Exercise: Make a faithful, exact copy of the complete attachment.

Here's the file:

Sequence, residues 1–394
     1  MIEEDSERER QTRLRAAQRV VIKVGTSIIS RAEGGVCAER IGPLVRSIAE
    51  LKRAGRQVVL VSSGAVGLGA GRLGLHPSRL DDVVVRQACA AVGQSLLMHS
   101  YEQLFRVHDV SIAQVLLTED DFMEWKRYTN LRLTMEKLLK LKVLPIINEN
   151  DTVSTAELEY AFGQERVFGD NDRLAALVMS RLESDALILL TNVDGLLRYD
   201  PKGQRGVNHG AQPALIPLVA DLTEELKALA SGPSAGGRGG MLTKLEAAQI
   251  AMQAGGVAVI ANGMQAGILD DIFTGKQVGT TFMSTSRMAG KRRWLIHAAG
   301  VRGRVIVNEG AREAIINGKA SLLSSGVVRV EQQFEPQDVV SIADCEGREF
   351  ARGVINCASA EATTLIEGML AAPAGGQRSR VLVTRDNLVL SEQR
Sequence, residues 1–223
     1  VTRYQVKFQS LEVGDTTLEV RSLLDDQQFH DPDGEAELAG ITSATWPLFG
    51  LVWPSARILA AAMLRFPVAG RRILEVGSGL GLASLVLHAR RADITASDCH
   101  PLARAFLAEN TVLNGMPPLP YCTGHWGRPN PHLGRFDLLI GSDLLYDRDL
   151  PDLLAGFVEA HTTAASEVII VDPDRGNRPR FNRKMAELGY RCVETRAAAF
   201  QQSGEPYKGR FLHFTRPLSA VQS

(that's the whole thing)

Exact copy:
Sequence, residues 1–394
     1  MIEEDSERER QTRLRAAQRV VIKVGTSIIS RAEGGVCAER IGPLVRSIAE
    51  LKRAGRQVVL VSSGAVGLGA GRLGLHPSRL DDVVVRQACA AVGQSLLMHS
   101  YEQLFRVHDV SIAQVLLTED DFMEWKRYTN LRLTMEKLLK LKVLPIINEN
   151  DTVSTAELEY AFGQERVFGD NDRLAALVMS RLESDALILL TNVDGLLRYD
   201  PKGQRGVNHG AQPALIPLVA DLTEELKALA SGPSAGGRGG MLTKLEAAQI
   251  AMQAGGVAVI ANGMQAGILD DIFTGKQVGT TFMSTSRMAG KRRWLIHAAG
   301  VRGRVIVNEG AREAIINGKA SLLSSGVVRV EQQFEPQDVV SIADCEGREF
   351  ARGVINCASA EATTLIEGML AAPAGGQRSR VLVTRDNLVL SEQR
Sequence, residues 1–223
     1  VTRYQVKFQS LEVGDTTLEV RSLLDDQQFH DPDGEAELAG ITSATWPLFG
    51  LVWPSARILA AAMLRFPVAG RRILEVGSGL GLASLVLHAR RADITASDCH
   101  PLARAFLAEN TVLNGMPPLP YCTGHWGRPN PHLGRFDLLI GSDLLYDRDL
   151  PDLLAGFVEA HTTAASEVII VDPDRGNRPR FNRKMAELGY RCVETRAAAF
   201  QQSGEPYKGR FLHFTRPLSA VQS